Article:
house history

Ollie & Vin

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In my short story Henry forgot to write “eat, eat”  I wrote “There are ghosts in my kitchen. I know who these ghosts are. They are familiar to me”, and chronicled various family members who turn up from time to time.
But there are ghosts who weren’t familiar to me. Ollie whose kitchen in fact it was until 1980, and her husband Vin. One of the wonderful things about Ollie is she isn’t pushy. It’s taken us a while to get to know her.
It was only during our last visit to Taylors Arm earlier this month, chatting briefly to an ex-local, Peter, we became on a first name basis with our predecessors Ollie & Vin. Peter who by his surname is a relative of theirs, lived his early life in successive houses and was an apprentice baker in the village. He resided next door at the time of Ollie’s death in 1980. She died from a heart attack in the front bedroom. Our bedroom now.
Our house was built in the 1930’s. We knew the first occupants by their surname only and were told they raised 8 children in our 3 bedroom house. As was common practice it also once had part of the verandah closed off as a sleep-out.
Courtesy of Google I was able to find some of Ollie & Vin’s family history. Ollie & Vin were married in 1925. They both came from local families. Their various family names abound locally still.
Ollie’s husband Vincent, 6 years older than her, died 6 years before in 1974. They were both 73 when they died.
Although she was yet to be introduced to us, the G.O. and I had started to wonder about Ollie’s influence. Along with the many other old floral pictures we or our ghosts have a penchant for, we have in 8 years of our residence acquired several old religious pictures, starting with a simple small God Bless This House which cost a dollar.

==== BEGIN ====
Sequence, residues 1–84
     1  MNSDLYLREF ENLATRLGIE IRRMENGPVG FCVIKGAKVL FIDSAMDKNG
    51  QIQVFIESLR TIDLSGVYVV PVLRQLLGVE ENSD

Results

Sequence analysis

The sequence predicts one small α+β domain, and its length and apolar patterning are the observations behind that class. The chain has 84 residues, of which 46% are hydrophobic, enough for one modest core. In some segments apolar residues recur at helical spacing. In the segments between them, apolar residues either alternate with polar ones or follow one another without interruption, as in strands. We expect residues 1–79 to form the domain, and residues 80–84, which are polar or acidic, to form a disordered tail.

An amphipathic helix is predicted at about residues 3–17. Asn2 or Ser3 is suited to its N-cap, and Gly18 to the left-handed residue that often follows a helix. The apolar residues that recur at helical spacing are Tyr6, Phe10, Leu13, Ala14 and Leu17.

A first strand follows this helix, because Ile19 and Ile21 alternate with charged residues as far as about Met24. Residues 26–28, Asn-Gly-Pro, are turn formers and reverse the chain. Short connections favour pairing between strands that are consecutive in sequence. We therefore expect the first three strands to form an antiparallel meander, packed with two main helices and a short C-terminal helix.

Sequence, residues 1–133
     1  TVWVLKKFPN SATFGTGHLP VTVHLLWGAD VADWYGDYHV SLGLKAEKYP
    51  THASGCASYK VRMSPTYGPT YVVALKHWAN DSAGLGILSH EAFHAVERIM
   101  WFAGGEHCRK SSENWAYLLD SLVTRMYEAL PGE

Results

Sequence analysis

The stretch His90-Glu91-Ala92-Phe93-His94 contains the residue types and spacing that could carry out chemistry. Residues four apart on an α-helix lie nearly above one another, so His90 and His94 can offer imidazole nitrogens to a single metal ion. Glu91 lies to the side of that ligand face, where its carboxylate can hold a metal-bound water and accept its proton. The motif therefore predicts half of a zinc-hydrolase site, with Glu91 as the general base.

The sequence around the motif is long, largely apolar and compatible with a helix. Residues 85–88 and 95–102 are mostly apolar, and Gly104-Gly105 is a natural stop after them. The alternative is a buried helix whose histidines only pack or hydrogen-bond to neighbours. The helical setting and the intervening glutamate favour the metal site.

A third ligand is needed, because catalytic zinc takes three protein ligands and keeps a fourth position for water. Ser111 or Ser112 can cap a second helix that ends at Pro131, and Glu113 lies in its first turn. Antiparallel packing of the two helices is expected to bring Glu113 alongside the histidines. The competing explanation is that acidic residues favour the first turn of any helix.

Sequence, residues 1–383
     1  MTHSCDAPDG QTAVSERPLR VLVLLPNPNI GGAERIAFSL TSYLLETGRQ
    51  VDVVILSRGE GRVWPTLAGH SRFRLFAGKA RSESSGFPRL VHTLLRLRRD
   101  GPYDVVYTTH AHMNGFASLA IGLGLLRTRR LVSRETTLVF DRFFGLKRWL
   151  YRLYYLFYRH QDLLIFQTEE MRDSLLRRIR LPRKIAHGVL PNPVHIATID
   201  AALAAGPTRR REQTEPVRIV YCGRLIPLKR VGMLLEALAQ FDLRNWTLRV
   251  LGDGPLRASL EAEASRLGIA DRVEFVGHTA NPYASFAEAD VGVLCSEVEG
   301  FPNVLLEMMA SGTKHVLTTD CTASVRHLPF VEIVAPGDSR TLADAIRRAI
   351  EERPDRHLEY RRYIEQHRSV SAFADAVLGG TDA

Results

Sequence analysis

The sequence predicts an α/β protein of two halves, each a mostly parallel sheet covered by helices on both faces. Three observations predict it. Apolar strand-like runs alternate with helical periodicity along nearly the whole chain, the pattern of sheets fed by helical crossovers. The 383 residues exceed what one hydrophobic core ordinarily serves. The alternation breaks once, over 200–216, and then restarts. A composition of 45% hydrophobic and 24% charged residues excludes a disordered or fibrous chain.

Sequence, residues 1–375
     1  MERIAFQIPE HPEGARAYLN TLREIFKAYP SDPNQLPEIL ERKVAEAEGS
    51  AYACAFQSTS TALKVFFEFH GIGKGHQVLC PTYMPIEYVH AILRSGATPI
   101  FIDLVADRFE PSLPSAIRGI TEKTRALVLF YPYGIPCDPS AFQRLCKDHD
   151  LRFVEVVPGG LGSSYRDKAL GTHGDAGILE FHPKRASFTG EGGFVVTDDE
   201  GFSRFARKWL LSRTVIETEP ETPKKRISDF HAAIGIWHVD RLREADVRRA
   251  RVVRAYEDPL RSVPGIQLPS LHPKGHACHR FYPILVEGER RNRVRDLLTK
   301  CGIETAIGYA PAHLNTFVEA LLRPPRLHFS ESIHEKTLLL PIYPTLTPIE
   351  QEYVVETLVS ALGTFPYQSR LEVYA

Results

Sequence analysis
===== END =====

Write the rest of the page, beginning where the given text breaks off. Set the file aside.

Both the G.O. and I have Anglican family heritage but the pictures we’ve acquired are quite Catholic, Ollie & Vin’s religion. To this day, they and their family’s names appear in the weekly parish bulletin under “Praying for Holy Souls”. As I imagine they were regular church-goers, the Catholic Church conveniently for them is one house up from ours. It’s the church we attend at Christmas & Easter but all, regardless of denomination, are welcome any time. It’s the local church.
Only days before my chat with Peter the G.O. surprised me with several gifts for my birthday, one of which was a print of (I now know) Saint Therese. The gift was a surprise because I had been mulling over its purchase for a while. When we were in Macksville en route to TA I went to the shop to buy it but there was only an empty hook on the wall. Somehow sometime the G.O. bought & got it home without my knowledge.
Saint Therese
Saint Therese

 

Our St. Therese now resides over the kitchen door, flanked by flowery renditions of The Lord will Provide and The Lord is my Shepherd.
As the G.O. hung St. Therese in place on the Saturday, we wondered about the original owners of the house and if this was their influence. Our suspicions were confirmed the next morning.
When the G.O. joined Peter and I in conversation and was told Ollie and Vin’s names the expression on his face must have echoed mine. Since I met the G.O. in 1990, his nickname for me has been Ol’ short for Ollie, and his pseudonym in my short story Reprise is Vin, named for Vincent, his grandfather.
No wonder it feels like home.
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